PIGCAWAYAN, NORTH COTABATO (MindaNews/12 June)—True to their faith, a couple in this rustic first-class town has proven their worth as the “reformers.”
They live ordinary lives, a hint of affluent lifestyle glaringly absent as they go on with their daily routine Barangay Capayuran, a farming village.
Meet Remegio and Julie Matalubos, the husband-and-wife tandem who has been driving conflict-affected communities in the fringes of Ligawasan Marsh to bolt in for peace. And through an ingenious way—by turning the menacing water hyacinths into organic fertilizers.
View Pigcawayan in a larger map
Water hyacinth is a major headache in Southwestern Mindanao and in the Autonomous Region in Muslim Mindanao. An estimated 20 hectares of water hyacinth accumulated last year along the Rio Grande de Mindanao, causing massive flooding in Cotabato City and the provinces of North Cotabato and Maguindanao. The floods sent tens of thousands of people to evacuation centers with agricultural damage estimated to be at least P332 million.
For the couple, however, water hyacinths should not be considered a curse but a source of hope to alleviate poverty and help establish peace in conflict-affected communities.
Both members of the Seventh Day Adventists, they run the Grassroots Integral Development Initiative (GIDI) Natural Organic Fertilizer as part of their missionary works in the area.
Describing themselves as “reformers,” Mr. Matalubos said their venture involves the participation of rebels belonging to either the Moro Islamic Liberation Front or the Moro National Liberation Front.
“We coordinate with the commanders of both groups to gather water hyacinths in the Ligawasan Marsh. In fact, some of the laborers are Moro rebels,” he said.
GIDI sources the water hyacinths from at least seven communities within Ligawasan Marsh in the portions of the towns of Pigcawayan and Midsayap.
“It’s a big help to the community. It brings not only productivity but also unity among the residents,” Mr. Matalubos said.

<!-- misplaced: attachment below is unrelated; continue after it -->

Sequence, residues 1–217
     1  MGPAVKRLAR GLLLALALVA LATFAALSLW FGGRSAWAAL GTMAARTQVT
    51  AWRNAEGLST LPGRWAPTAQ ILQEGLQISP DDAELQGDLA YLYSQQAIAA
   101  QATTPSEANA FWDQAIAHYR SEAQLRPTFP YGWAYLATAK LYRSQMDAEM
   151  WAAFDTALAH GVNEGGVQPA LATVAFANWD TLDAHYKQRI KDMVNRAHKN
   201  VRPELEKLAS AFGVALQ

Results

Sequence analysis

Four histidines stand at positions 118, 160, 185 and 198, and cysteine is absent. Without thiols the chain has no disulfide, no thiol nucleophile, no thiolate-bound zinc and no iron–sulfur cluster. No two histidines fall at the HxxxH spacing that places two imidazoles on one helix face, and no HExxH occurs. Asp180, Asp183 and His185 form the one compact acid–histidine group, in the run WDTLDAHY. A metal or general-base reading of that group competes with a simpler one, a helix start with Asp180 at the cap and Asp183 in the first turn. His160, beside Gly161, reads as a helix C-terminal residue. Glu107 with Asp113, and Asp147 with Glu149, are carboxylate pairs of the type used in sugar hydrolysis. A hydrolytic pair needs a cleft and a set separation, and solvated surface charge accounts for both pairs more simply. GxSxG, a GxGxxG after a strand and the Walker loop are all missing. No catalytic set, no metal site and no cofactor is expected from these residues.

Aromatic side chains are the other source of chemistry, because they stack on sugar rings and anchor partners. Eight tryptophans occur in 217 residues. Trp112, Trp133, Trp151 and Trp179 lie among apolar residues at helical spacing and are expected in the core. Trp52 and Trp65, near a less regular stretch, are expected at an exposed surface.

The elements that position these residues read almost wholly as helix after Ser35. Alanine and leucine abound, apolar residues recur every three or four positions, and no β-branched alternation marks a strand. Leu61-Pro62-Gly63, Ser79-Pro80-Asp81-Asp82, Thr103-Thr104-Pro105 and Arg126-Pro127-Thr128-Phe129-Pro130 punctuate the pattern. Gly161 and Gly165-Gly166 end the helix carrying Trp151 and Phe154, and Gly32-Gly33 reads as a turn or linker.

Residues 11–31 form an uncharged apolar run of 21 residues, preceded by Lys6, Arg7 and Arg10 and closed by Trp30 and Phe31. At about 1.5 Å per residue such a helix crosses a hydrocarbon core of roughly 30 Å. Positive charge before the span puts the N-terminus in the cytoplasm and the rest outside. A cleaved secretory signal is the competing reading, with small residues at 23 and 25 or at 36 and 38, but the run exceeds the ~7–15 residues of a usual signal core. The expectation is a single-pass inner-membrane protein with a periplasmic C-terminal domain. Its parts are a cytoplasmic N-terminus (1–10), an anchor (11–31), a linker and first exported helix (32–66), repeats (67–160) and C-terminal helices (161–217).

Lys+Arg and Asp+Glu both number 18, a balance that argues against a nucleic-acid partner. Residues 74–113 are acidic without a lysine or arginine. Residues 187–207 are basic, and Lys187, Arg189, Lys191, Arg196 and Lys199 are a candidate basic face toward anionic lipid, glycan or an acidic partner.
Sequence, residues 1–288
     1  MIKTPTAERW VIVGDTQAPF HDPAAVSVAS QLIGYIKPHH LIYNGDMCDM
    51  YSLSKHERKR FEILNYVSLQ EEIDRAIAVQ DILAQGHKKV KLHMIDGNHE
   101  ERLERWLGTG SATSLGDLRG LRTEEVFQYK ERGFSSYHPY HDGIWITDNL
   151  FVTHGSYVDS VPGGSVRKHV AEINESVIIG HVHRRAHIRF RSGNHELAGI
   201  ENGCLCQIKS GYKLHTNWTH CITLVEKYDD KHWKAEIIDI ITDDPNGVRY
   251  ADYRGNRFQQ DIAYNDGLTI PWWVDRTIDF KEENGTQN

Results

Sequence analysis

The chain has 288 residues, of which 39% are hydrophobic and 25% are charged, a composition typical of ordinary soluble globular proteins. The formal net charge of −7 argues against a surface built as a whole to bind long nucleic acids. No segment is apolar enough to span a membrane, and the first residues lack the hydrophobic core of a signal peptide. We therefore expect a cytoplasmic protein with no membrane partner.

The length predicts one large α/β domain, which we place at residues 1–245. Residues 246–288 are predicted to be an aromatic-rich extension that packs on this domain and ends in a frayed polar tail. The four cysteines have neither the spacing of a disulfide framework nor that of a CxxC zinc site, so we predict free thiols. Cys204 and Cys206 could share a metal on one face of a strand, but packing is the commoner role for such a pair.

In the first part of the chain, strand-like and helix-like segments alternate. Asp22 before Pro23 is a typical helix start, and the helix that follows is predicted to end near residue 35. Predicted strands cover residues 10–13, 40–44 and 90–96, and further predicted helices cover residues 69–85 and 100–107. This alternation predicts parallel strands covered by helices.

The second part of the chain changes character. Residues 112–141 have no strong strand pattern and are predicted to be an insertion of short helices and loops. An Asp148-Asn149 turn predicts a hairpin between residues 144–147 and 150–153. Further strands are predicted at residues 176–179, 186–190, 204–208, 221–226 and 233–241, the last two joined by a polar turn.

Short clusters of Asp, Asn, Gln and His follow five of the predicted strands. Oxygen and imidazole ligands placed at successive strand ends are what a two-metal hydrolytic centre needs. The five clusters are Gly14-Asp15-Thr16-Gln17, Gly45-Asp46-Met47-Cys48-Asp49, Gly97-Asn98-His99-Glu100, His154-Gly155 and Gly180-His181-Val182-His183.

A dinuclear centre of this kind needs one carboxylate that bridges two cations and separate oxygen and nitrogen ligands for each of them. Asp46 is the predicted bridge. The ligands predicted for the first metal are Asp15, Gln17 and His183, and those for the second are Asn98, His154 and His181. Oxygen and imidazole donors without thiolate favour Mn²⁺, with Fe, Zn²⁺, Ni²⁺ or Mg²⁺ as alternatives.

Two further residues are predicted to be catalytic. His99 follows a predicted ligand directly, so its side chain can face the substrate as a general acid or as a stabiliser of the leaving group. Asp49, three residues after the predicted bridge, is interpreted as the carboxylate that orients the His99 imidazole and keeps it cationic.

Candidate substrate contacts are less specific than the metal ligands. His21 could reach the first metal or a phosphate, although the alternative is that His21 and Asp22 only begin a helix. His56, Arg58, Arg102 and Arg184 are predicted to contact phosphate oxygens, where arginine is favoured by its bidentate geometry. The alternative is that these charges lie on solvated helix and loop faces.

Zayda Indayla, one of the suppliers of water hyacinths, hailed GIDI as a social enterprise that augurs well for the community, having involved husbands and wives and their children.
“It tremendously helped in making the communities peaceful. There’s not much trouble because people earn incomes,” Indayla said, noting that theft or robbery has also been reduced because residents have become productive.
GIDI’s organic venture also benefits the differently-abled persons as they are hired in the production of water hyacinths, said Ms. Indayla, whose husband is a soldier.
Children as young as 12 years old, with the consent of their parents, are also involved in the water hyacinth production chain.
“They seem to enjoy gathering the water hyacinths in the marsh. To them it’s like playing because they also swim,” she said.
A dried water hyacinth fetches P60 per sack.
Water hyacinth is the major component (about 60 to 70 percent) of the organic fertilizer that GIDI produces. It is mixed with other organic materials like guano and phosphate rocks.
Those other ingredients are also abundant in North Cotabato, said Mr. Matalubos, noting the reserves have largely remained untapped for a century.
There are seventeen caves in the province, and we have only tapped three caves where we can get 200 bags from each daily, he said.
GIDI Natural Organic Fertilizer is a high-grade natural organic fertilizer made up of water hyacinth compost and century-old guano mined from the caves, a product briefer said.
It has high organic matter contents capable of supplying complete nutrients needed by a plant, it added.
The briefer also noted that besides giving long lasting nourishment to the plant, it improves the physical, chemical and biological properties of the soil.
GIDI sells the water hyacinth organic fertilizers for P250 per bag.
Mr. Matalubos, who formulated the mixture, said their main buyers so far are banana and sugar plantations operating in different provinces in Mindanao.
Its production plant is capable of producing at least 10,000 bags of organic fertilizers from water hyacinth a month.
The government, through the Department of Science and Technology, has extended technical and financial assistance to enhance the operation of GIDI.
Using the water hyacinth organic fertilizers, GIDI also embarks on vermicomposting, which it sells at a much higher price of up to P400 per sack.
Mr. Matalubos said they are happy that they have become an instrument of peace even in just some conflict-affected communities in North Cotabato.
With the continued support from the communities and demand from the market, he expressed optimism on the sustainability of the venture.
And perhaps, GIDI’s venture, once replicated by others, may just be the answer in solving the water hyacinth menace that had submerged many communities in the region in floodwaters in the past. (Bong Sarmiento/MindaNews)